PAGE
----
Saturday, September 5, 2009


It’s Saturday and today Paraguay is playing against Bolivia…EVERY futbol game here, is a big deal. It’s a cool, late winter, evening. I walk to the local dispensa (aka store) to buy a coke that’s still made with real sugar--not corn syrup. On my three block walk, I can feel the brisk cool air against my face, smell chorizo, pollo and carne barbequing, windows to all homes are open and I can hear the futbol game playing on the TV sets, families cheering and fireworks being shot off (Paraguay must’ve scored.) Families are sitting outside on their porches and lawns-with their children playing alongside them, drinking terrere, greeting their local neighbors walking by. A horse cart passes by with an old man in it, he waves and shouts out to his neighbors.

After I buy my very yummy coke, I stop by the “Senora’s” house, who’s known for her great cooking and buy myself a ¼ chicken with a pork kabob, from her. Less than 6 blocks later with many greetings from people I don’t know, a great coke & great food in tote and $2.00 later—I realize I felt like I just walked through an episode of The Waltons or Little House on the Prairie, only I’m in South America in the year 2009. What a great experience.

Sunday, July 12, 2009


It’s currently winter break here, so I decided to plan a three-day environmental/art camp, this past week, in which I had over 25 kids sign up to attend. I knew I’d be lucky if just half showed up.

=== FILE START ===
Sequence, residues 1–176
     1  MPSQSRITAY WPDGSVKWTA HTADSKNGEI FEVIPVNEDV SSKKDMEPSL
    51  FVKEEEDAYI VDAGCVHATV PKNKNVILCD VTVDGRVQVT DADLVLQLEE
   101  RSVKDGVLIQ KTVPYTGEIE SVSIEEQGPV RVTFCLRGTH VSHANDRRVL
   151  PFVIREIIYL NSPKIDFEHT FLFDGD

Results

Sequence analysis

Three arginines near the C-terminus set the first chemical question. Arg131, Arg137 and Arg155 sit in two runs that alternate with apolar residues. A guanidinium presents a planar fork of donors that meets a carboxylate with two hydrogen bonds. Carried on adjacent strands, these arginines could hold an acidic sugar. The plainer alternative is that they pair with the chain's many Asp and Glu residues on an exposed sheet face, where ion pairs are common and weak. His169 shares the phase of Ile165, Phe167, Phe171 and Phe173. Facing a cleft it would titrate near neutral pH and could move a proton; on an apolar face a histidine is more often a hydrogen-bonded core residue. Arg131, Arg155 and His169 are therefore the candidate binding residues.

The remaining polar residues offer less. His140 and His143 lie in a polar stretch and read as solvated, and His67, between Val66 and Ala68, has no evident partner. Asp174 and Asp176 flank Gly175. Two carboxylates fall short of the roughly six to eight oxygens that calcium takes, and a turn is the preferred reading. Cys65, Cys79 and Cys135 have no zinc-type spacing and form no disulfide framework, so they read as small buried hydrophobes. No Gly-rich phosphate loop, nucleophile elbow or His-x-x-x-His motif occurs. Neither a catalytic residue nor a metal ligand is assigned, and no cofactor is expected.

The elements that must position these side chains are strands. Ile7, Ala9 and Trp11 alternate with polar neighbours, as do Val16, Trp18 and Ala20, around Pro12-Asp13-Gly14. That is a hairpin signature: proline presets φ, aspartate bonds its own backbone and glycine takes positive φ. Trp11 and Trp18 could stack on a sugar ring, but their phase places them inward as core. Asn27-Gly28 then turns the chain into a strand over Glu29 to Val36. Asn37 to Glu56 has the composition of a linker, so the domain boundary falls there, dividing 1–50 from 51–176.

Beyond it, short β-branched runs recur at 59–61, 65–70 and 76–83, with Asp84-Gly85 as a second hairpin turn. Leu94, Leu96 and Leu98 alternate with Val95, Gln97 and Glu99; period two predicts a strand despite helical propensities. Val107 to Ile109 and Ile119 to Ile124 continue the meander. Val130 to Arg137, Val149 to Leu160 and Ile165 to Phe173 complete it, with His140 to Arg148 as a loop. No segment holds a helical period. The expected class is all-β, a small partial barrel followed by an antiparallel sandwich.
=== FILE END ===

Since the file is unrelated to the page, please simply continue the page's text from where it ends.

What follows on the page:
NIGHT BEFORE ‘DAY ONE’ OF CAMP: I was up until 1:00 a.m. researching and preparing materials for the camp. Mind you, I’m not an environmental educator…but was fortunate to have some input and direction from an environmental volunteer. Have to be grateful for other volunteers…

DAY ONE: 10 kids show up (YAY!) in which we talked about trash, recycling and reducing. We sorted out garbage, discussed the four methods of garbage disposal in Paraguay (burn, bury, garbage or recycle,) the pros and cons of each, played games, made recycled paper from used paper, ate snacks and played a game of jeopardy as a means for ‘check-for-learning.’

The kids were very participatory and seemed to have had a good time. I was feeling pretty darn good about day one’s turnout, so repeated preparation until 1:00 a.m., as I had the night before, along with making popcorn the old-fashion way (oil in a pan, kernels, close attention & shaking). Fun, fun!

DAY TWO: NO SHOWS… It rained…already knew (although was hoping, otherwise) the kids probably wouldn’t show up, even though the camp was being held, INDOORS, in my house. Sadly, parents don’t even send their kids to school when it rains. I was planning on showing videos and discussing the importance of trees. I was also going to have the kids make maracas out of aluminum cans. Darn!

DAY THREE: NO SHOWS… This was a nice day, no rain, but perhaps the kids figured…why bother.

Although I was not surprised by the no-shows and was a little disappointed, I certainly was not discouraged. I look at this as a perfect reason to talk to kids about commitments and it gave me experience on preparing for a camp. And, even though it was just one successful day, it was a lot of fun and educational, not only for the kids, but for me.